A growing memorial at the corner of Hyde Park and South Carriage roads in honour of a Muslim family who was run down, June 8, 2021. (Photo by Blair  Henatyzen, Blackburn Media)A growing memorial at the corner of Hyde Park and South Carriage roads in honour of a Muslim family who was run down, June 8, 2021. (Photo by Blair Henatyzen, Blackburn Media)

Letter campaign encourages Canadians to write in memory of Afzaal family

Whether you felt shock, sadness, anger or a mix of all in the wake of last year's anti-Islamic attack in London, a new letter writing campaign asks that you put those emotions into words.

Toronto-based artist Asim Hussain, known professionally as @studentAsim, has launched the online National Letter of Remembrance campaign as a way for Canadians to simultaneously honour the Afzaal family and fight Islamophobia.

The Afzaal family was run down by a pickup truck that mounted the curb at Hyde Park and South Carriage roads while they were out for a walk on June 6 of last year. The driver of the truck sped off without stopping. Salman Afzaal, 46, his wife Madiha Salman, 44, their 15-year-old daughter Yumna Afzaal, and Salman Afzaal’s 74-year-old mother Talat were all killed. The couple's 9-year-old son, Fayez Salman, was the only survivor. A 21-year-old London man has been charged with four counts of first-degree murder and one count of attempted murder in connection with the attack.

"The act of letter writing is cathartic. It is a way to reflect and heal," said @studentAsim, who hopes to get as many letters as possible by the first anniversary of the attack. "I think there are so many weighing voices in this country that won't say anything about this even though they are feeling it in their hearts. But the presence of seeing letters of remembrance and seeing Canadians write and express their feelings and thoughts as something tangible is critical."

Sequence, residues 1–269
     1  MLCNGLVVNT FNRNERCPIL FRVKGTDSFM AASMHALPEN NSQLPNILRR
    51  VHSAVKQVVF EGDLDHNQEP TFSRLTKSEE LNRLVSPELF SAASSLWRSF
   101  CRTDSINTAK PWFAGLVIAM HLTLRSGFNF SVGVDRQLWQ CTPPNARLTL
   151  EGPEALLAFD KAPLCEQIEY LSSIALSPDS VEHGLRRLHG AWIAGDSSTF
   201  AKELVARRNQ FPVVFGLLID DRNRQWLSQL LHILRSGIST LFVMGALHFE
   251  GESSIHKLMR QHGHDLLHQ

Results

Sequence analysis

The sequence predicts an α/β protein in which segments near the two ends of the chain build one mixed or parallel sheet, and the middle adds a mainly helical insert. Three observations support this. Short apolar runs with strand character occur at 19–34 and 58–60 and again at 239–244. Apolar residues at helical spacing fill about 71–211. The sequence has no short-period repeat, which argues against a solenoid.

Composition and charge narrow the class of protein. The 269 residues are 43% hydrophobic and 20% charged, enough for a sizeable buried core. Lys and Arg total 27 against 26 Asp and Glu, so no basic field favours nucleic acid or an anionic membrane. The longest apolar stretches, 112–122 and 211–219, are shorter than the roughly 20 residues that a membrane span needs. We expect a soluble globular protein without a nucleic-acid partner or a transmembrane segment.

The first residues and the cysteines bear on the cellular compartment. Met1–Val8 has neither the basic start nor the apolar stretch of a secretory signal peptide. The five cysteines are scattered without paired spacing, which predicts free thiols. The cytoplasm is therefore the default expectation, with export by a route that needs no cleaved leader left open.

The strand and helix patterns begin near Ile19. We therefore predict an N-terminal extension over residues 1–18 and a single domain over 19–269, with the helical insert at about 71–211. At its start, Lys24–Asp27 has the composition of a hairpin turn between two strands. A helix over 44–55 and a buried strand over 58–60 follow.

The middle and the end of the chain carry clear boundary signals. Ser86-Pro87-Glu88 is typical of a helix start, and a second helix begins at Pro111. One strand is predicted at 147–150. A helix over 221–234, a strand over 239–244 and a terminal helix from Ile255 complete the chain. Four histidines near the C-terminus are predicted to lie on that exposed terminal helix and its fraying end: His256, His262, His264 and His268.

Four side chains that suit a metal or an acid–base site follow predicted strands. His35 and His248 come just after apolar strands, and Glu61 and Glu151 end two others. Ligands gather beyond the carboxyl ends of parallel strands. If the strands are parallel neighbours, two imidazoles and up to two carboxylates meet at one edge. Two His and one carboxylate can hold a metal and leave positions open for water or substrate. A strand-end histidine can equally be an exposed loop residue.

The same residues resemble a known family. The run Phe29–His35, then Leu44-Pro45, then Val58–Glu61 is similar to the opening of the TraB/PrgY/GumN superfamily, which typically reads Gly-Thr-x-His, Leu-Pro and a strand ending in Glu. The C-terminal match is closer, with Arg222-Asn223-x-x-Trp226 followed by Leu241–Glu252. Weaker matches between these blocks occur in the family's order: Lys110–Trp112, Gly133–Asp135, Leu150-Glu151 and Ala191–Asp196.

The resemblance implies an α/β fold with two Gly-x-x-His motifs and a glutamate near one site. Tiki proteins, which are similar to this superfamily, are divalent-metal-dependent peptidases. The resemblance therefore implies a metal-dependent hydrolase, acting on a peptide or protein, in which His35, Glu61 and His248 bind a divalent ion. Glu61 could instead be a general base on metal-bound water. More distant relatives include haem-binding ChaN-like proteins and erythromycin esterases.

The campaign mirrors one @studentAsim created after the 2017 Quebec City mass shooting which drew letters from across Canada and even the United States. The goal is to find a new way to harness the emotion that was expressed during a vigil attended by more than 10,000 people in the days that followed the attack to end Islamophobia.

"I was really impressed by the love and the support that the public showed and it told me that there are many, many people who want to come together and strengthen our society for the better," said @studentAsim. "If we could take that solidarity and make it digital and document it, it will always be perpetually a change making opportunity because you can always reference these letters and what people have said and expressed well into the future."

Those interested in writing a letter can do so for the entire family or direct them to one specific family member.

Mayor Ed Holder has written a letter directly to Fayez. In it he tells the young boy, no Londoner will ever forget that "horrible evening."

"Just know Fayez, that London wraps its collective arms around you. You and your family will never be forgotten," wrote Holder.

All letters submitted are posted publicly on the campaign website and can be read at any time. They can be any length and can include poems.

"This whole project is a way to strengthen the bond of solidarity between Canadians. I think this is a unique opportunity for people to channel what they felt after the attack and to let other Canadians see that emotion. Through documenting that we will create more connections and affect more change," said @studentAsim.

Anyone interested in submitting a letter or reading those already posted can do so by clicking here.

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